I’m sitting with Vikram Seth’s book The Golden Gate that she had gifted me and her inscription inside “May your future passages be through Golden Gates”. This was May 30, 1990. Little did Jane Swamy know that, having met her in 1987, my passage through the golden gates had already begun.
Jane Swamy was my manager, teacher, guide, mentor and most of all, friend. She was PR Manager of Glaxo India, and faculty and Dean of Xavier Institute of Communications (XIC), Mumbai. But she was more than her titles. Her interests extended from the world of literature and journalism (she studied Journalism at Marquette University, Wisconsin) to the arts, films and all forms of creative expression. Through her, I met artists of national and international fame, went to exclusive film screenings, watched amazing plays, interacted with poets and authors and, most importantly, was exposed to the relevance and interconnectedness of communications with other disciplines.
And that’s why Jane Swamy probably recruited me as a Management Trainee at Glaxo the year after I passed out of TISS with a post graduate degree in Medical & Psychiatric Social Work. A department of women at the time (she tried hard to recruit men), we were a mix of varied backgrounds that collectively contributed to how she believed a corporate communications department should be structured. From writers to journalists to audio-visual producers and social workers, we were one of the best run communications department in India, doing work way ahead of its time. Glaxo’s consistent ranking as one of the most respected companies in India, scoring high on communication attributes like reputation and corporate social responsibility were outcomes of her initiatives. Reporting directly to the Managing Director and as one of only two women at her level, she ensured that communications had its rightful place within the organisation.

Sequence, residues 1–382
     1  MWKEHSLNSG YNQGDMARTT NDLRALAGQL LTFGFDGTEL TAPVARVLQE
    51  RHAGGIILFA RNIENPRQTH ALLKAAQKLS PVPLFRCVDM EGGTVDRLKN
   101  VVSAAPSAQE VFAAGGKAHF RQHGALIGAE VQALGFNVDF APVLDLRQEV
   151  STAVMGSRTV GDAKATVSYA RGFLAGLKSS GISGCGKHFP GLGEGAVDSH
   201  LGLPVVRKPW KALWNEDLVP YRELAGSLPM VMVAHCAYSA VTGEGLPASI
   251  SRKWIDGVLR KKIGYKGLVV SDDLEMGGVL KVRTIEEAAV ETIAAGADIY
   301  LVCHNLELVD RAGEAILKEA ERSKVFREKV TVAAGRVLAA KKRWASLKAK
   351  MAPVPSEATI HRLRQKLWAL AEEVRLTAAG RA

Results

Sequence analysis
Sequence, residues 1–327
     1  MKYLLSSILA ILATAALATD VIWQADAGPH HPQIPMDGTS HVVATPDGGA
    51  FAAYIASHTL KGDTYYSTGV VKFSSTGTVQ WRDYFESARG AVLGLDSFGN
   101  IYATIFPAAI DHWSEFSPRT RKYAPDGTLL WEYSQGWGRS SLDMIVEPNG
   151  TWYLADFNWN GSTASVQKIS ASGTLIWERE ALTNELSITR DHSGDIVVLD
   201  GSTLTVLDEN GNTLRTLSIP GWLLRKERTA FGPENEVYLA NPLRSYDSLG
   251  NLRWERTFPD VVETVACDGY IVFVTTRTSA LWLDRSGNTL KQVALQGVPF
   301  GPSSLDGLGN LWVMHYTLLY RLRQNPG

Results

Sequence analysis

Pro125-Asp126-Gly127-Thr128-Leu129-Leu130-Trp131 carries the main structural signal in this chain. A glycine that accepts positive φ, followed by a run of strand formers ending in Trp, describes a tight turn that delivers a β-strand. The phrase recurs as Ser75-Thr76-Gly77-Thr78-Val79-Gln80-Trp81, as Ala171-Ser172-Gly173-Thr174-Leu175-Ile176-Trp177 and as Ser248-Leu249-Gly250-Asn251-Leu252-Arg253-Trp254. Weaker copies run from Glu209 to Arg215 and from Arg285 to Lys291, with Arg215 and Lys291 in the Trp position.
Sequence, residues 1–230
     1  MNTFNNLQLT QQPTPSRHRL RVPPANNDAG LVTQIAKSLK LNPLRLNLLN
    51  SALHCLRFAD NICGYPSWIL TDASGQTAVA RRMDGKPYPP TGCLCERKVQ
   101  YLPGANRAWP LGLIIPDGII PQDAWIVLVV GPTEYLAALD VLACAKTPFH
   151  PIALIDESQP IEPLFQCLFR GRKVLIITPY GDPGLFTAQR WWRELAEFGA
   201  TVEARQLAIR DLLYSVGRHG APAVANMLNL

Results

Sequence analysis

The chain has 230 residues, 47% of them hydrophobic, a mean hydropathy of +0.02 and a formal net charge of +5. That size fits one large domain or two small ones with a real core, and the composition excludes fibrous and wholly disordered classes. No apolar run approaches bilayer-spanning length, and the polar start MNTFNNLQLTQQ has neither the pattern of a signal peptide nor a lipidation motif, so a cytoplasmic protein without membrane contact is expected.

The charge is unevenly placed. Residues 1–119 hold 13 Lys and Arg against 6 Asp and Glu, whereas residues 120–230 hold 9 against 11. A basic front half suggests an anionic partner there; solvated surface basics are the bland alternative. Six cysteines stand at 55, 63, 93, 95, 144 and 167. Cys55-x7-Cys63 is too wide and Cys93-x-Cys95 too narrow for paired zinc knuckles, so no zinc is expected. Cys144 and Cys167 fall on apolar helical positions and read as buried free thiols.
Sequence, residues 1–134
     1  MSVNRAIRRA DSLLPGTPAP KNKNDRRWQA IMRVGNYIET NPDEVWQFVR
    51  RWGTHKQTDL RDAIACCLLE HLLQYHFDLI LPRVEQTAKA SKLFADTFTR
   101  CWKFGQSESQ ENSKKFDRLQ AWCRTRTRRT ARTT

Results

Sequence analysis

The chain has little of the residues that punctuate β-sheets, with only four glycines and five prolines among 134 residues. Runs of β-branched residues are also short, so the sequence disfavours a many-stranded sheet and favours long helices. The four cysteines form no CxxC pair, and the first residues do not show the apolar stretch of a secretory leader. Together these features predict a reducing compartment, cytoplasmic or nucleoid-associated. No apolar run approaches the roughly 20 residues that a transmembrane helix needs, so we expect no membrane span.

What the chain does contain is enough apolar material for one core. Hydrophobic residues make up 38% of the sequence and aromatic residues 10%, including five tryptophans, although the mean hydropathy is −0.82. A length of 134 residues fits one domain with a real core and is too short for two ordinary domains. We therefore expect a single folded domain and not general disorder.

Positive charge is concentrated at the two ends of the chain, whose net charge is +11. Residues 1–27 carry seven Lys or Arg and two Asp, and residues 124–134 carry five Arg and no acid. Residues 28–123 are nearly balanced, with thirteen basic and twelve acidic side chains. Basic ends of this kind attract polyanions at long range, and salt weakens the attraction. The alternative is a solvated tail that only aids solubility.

Over and above all, Jane Swamy was a great teacher. As a requisite of my being in the PR department, I was sponsored for a PR course at XIC and was privileged to have her teach me. But it was under her wings at work that I learnt the most as she guided me through proofreading typeset newsletters (it was the days of typesetting!), scripting and writing audio visuals (35 mm in the day), and much more. Through her I learnt skills that would set me on course for a PR career, but I also learnt values that have stood me in good stead all through these years – of ethics, professionalism, standing up for one’s rights and how to stay strong through adversity.
When I left Mumbai, Jane Swamy and I continued to remain in close touch. I had moved to Weber Shandwick. It was early days of PR Consultancies in India and she found fascination in learning how the consultancy business ran. On every visit to Mumbai, I would visit her home. Until 2016 when I visited and realised she no longer knew me. Alzheimer’s had started to eat into this vibrant personality whose life had been so full of stimulation and I found it hard to visit her again. Today, brought news that she passed away last night.
In Jane Swamy’s passing India has lost one of the PR greats of her time, if not of all time. It is sad that our industry did little to acknowledge her in her lifetime, possibly a reflection that she worked in an era when there were no digital imprints to record her impact. But her legacy continues through the many PR professionals and journalists who were fortunate to be taught by her.
Fare thee well Mrs Swamy. May you be led through golden gates to your forever.
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